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Settling Final Account

What is a final account?


Settling a final account in construction brings together all the financial aspects of the contract. The overarching goal is to agree a fair valuation of the works that have been undertaken.


Reaching an agreement between parties could involve negotiation but will have to withstand the most stringent financial audit.


When agreed on, final accounts will necessitate the financial settlement with the building contractors and the issuing of a final certificate.


The final account should be at the forefront of the decision-making process once the budget has been signed off. This process should start as soon as the project migrates from the cost plan phase to the tender preparation stage.

Many of the decisions that the design team make effect the structure and content of the final account. Examples could be contract programme, procurement strategy and contractor selection etc.


What makes up the final account?


The final account is the document that amalgamates all the financial aspects of the contract. It should be a fair valuation of the works properly undertaken by the Contractor.


Contract forms have their own individual clauses relating to the final account. The manner in which you make your final account document is up to the Contract Administrator/PM.


In the example of the JCT Intermediate Form of Contract there is a clear requirement for the contractor to provide all documents reasonably required for the adjustment of the contract sum, within 6 months after practical completion of the works.


No later than 3 months after receipt of all of this information, the Quantity Surveyor or Contract Administrator must prepare a final account statement and all computations must be sent to the contractor for comment and/or agreement.


Therefore, after a maximum of 9 months from the date of practical completion, the final account must be submitted by the Quantity Surveyor/Contract Administrator to the contractor.


The contract requires the contractor to provide ALL information to the Quantity Surveyor, who then prepares the account. This process will, however, throw up many other queries from the Quantity Surveyor that the contractor will then have to support with additional information.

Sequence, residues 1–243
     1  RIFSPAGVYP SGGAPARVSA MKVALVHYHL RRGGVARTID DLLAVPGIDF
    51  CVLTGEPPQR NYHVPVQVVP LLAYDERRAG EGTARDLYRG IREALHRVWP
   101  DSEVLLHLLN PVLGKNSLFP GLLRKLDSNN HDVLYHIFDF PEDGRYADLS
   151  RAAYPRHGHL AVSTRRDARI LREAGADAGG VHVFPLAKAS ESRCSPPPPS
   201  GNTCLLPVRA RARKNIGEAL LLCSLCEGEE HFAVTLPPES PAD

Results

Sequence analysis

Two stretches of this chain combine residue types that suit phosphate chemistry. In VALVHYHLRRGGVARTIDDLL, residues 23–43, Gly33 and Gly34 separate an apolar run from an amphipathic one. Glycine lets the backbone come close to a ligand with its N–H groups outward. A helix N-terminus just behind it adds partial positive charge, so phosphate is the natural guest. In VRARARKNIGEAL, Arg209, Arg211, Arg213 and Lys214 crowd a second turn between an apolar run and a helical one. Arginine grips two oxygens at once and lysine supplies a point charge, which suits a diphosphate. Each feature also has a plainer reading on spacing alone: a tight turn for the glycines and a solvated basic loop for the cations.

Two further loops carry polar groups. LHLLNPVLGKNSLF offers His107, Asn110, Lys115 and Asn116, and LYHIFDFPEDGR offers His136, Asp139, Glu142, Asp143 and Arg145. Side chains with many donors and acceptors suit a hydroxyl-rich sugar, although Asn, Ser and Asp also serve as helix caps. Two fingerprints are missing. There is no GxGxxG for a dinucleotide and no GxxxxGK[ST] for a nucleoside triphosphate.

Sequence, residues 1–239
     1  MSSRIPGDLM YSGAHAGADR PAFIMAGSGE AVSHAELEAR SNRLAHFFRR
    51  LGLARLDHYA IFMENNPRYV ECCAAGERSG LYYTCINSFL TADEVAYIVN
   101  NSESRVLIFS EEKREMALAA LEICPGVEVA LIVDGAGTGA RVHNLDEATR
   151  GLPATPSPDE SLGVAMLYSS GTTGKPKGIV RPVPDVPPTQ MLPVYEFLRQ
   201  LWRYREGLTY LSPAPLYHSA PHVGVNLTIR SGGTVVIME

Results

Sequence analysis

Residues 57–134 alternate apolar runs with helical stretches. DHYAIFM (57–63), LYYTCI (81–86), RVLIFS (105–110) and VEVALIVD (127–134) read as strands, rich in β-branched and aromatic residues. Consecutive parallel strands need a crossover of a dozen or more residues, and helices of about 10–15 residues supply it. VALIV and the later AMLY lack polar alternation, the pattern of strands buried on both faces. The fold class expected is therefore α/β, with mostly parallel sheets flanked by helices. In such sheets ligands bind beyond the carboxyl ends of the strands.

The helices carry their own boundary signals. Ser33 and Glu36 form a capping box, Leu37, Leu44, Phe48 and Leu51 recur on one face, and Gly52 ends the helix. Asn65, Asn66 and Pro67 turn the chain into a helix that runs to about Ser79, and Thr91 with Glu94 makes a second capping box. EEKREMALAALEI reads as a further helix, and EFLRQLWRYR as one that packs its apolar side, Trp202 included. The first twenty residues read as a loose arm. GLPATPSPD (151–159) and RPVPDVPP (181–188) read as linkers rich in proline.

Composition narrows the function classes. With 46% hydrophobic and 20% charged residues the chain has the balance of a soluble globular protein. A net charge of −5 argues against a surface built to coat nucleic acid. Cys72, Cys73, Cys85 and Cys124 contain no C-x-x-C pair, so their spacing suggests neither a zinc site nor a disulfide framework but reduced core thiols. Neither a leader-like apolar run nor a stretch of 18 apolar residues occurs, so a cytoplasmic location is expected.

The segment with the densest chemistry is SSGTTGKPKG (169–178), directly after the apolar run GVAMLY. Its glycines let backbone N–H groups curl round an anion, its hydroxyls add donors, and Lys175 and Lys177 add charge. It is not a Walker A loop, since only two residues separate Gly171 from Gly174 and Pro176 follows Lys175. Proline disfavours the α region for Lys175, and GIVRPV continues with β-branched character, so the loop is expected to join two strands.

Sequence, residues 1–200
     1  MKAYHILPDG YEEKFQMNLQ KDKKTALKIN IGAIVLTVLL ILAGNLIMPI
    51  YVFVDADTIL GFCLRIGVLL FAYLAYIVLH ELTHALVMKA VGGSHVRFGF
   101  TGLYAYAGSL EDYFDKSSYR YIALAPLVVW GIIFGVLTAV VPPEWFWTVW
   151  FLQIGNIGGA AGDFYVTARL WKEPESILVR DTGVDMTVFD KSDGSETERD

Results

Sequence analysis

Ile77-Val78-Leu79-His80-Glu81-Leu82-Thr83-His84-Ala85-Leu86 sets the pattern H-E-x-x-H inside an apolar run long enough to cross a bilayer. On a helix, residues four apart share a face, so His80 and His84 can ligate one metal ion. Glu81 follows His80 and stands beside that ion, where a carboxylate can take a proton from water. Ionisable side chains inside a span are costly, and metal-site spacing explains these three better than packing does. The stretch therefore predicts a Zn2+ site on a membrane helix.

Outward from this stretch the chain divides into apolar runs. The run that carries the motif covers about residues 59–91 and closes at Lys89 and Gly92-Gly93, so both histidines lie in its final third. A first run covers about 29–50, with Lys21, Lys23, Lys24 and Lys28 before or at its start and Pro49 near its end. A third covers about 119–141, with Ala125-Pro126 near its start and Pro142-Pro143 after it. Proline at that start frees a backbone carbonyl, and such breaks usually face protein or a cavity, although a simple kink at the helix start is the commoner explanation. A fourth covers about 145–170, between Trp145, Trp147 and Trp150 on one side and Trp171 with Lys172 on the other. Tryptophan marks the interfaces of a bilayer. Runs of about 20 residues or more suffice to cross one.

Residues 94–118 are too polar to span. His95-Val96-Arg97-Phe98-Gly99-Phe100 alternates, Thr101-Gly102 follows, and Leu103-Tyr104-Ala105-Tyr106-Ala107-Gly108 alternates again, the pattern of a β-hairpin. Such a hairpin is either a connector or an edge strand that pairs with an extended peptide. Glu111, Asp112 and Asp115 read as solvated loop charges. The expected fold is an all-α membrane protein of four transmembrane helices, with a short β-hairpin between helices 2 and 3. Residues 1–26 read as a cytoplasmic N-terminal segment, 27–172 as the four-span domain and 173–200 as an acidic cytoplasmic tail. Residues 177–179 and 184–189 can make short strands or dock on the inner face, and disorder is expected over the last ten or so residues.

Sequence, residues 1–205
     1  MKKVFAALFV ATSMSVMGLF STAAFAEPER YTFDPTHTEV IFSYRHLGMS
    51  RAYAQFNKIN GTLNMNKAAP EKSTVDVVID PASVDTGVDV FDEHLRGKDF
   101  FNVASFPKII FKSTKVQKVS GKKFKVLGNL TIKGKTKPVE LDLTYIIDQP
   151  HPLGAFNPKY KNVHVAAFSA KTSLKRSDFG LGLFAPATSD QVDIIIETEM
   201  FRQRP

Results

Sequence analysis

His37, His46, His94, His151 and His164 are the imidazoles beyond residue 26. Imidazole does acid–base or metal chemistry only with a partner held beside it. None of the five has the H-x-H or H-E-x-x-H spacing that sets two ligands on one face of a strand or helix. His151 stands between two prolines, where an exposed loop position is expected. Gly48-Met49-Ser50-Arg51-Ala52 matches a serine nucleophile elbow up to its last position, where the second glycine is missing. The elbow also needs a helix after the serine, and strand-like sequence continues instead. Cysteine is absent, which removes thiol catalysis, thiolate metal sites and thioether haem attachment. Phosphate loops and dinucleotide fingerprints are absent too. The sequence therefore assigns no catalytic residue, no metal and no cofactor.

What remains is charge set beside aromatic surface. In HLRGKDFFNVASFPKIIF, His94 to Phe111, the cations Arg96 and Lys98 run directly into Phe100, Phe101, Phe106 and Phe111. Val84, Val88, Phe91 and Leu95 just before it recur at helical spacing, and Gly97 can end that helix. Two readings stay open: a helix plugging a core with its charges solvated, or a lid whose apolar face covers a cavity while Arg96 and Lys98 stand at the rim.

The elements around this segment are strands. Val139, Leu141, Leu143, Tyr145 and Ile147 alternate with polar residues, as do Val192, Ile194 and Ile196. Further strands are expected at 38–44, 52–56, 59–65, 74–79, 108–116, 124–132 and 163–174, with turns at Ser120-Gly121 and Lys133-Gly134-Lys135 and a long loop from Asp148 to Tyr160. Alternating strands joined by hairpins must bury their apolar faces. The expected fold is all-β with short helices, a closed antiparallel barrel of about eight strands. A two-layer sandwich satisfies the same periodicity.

Generally, the final account will be made up of the following elements -


1. The original contract sum.

2. Additions and omissions as a result of variations properly instructed by the Contract Administrator.

3. Additions and omissions as a result of provisional sums properly instructed by the Contract Administrator.

4. Additions and omissions as a result of the issue by the Contract Administrator of revised drawings and/or specifications resulting in agreed re-measures of quantities.

5. Addition of money due as a result of loss and/or expense incurred by granting an extension of time.


If you wish to add tags and supporting evidence to additions and omissions ESTA allows you to capture all the information you need in one centralised location.


In projects that are simple in nature with very few variations it is generally easy to keep track of the final account. With more complex jobs there could be an excess of 100 formal instructions that vary the work. A clear, concise break down is required, firstly to streamline the agreement with the contractor, use of emails and sporadic document storage can hinder how well this is laid out and can result in dispute, and secondly the final account will have to stand up to the test of a full audit so information is required to be laid out wholly and clearly.


The statement of final account generally has no status under the contract but it does bring about a sense of finality to the negotiations between the Contract Administrator or Quantity Surveyor and the Contractor. The signing and exchange of such a document signifies that there is an agreement by the parties to the total of the monies due to the Contractor and that the final account figure represents the full and final settlement of all claims and the like.


The final certificate is a strict requirement to be issued under the contract. The effect of the issue of the final certificate is defined under the terms of the contract. It signifies that the works and any defects have been made good and are now complete.





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